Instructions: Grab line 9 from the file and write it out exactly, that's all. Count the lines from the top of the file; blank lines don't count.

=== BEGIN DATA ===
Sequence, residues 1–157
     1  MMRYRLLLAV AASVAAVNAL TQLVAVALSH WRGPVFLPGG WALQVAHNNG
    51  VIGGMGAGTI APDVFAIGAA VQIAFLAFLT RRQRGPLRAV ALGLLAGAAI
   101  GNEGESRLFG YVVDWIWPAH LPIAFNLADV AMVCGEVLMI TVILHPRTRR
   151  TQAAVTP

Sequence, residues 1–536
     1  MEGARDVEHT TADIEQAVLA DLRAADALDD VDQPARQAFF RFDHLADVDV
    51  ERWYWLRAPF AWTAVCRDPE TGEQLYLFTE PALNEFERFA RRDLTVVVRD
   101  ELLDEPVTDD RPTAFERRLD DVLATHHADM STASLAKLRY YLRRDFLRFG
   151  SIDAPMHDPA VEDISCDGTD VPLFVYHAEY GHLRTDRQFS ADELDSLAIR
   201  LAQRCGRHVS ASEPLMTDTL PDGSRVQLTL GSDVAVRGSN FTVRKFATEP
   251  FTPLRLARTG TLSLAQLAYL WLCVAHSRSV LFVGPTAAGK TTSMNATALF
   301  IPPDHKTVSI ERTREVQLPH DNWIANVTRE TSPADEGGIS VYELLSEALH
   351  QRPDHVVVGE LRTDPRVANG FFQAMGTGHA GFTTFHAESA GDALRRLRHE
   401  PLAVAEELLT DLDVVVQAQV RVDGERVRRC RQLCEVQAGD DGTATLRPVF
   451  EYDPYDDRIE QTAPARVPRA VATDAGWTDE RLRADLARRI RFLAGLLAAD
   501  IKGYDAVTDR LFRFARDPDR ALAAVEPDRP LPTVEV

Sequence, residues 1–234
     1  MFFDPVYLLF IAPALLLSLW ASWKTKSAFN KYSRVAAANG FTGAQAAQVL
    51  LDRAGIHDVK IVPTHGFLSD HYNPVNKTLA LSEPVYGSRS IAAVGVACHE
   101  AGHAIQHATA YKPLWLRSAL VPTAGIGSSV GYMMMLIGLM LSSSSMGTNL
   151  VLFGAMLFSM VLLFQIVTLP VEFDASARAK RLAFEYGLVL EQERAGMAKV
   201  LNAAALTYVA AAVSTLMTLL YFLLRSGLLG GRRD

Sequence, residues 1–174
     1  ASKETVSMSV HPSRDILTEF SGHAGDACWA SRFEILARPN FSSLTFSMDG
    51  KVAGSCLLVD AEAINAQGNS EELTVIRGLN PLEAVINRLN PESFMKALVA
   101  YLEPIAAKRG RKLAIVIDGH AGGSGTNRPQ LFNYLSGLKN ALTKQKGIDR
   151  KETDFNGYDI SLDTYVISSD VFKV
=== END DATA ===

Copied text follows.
   101  ELLDEPVTDD RPTAFERRLD DVLATHHADM STASLAKLRY YLRRDFLRFG